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California native Ryan McPhun formed The Ruby Suns when he moved to Auckland, New Zealand in 2004. In 2007, the band embarked on their first European tour which culminated in a later Australian tour with The Shins, as well a featured take-away show by Vincent Moon. In recent years, however, the band has taken on new members and a whole new light.
Leaving Auckland early this year, new The Ruby Suns members, drummer Alistair Deverick and keyboardist Bevan Smith, joined lead-singer McPhun to begin their tour all across Europe and North America to introduce their album Christopher, released January 29th this year.
The Ruby Suns began recording the album in 2010, and although some critics may disagree with the band’s newly pop-driven sound, but McPhun believes he has “hinted at that [change] for a long time and never properly tried it,” until now.
In studio, the Ruby Suns first play “In Real Life.” The song is incredibly characteristic of the album as a whole as McPhun pairs dark lyrical crooning with a dancing and teasing keyboard and drums. The track builds and falls with each chorus; McPhun’s lines, “I never wanted to life in real life” or “I’m not ready for the real life” each fling open the doors to heavy synth-pop.
McPhun has stated in many interviews that the album’s namesake is a fictional character, yet he admits in-studio that Christopher (as both a fictional character and album) lets the band be “more easily be honest in songs [when] it’s too scary to bear yourself to everyone.” As McPhun paused in this description, Deverick called out from behind his drum set, “well, wasn’t it inspired by a breakup?” McPhun laughed and agreed, saying that his “brain has been in a funny place” lately, which influenced a lot of what you hear on the album.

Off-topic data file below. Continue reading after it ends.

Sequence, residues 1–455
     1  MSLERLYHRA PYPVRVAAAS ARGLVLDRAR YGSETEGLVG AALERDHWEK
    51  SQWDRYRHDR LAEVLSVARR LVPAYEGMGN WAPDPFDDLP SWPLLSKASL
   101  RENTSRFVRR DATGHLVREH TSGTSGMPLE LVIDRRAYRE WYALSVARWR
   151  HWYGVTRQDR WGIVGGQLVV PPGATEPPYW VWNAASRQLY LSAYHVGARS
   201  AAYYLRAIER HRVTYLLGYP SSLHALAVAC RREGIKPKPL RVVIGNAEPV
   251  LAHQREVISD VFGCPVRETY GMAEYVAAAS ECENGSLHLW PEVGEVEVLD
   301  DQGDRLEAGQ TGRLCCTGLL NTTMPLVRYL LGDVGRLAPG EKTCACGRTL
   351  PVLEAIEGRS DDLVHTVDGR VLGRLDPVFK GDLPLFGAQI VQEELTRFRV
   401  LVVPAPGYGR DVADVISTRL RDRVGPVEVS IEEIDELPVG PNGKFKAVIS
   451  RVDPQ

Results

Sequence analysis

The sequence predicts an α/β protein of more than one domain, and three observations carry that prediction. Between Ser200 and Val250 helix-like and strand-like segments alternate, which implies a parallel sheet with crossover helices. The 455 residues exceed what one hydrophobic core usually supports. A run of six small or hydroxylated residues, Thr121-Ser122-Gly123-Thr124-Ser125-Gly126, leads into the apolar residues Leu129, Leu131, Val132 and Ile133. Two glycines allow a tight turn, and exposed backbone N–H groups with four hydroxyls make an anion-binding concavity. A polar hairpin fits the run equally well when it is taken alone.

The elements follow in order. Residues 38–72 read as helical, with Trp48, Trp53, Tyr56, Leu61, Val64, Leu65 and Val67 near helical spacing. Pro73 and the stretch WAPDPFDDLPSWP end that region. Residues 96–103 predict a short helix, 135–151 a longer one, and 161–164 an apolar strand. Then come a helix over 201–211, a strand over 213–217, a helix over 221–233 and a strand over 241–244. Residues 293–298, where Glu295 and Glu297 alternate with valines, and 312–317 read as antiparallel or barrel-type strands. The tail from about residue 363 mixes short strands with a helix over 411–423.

One of the album’s most divided tracks, “Boy” was played second. Lyrically, the song is one of McPhun’s most morose and yet the circus-synth keyboard and high rolling percussion seem to sprinkle glitter over everything you hear. “Where do you go when you get sad / do you hide in your room away from dad,” McPhun sings while the instrumentals tease in wild speed and glittered happiness.
The Ruby Suns finished with the album’s bestselling “Kingfisher Call Me,” a self-help ballad of eighties dissonance. Although the song initially seems like a pep-talk when McPhun sings, “dry your eyes, it’s what to do / don’t listen to anyone except for you,” by the end it feels much darker. Motivational lyric sections are broken apart by heavy, distorted instrumentals – almost as if the devil has taken hold of both your shoulders.
Although seemingly glossed in an eerie false happiness, McPhun stated that he created this album “to make some songs that are really straightforward.” The word ‘straightforward’ may be a bit of a leap to describe what Christopher is, but McPhun does present often silenced yet terrifyingly real topics to his listeners.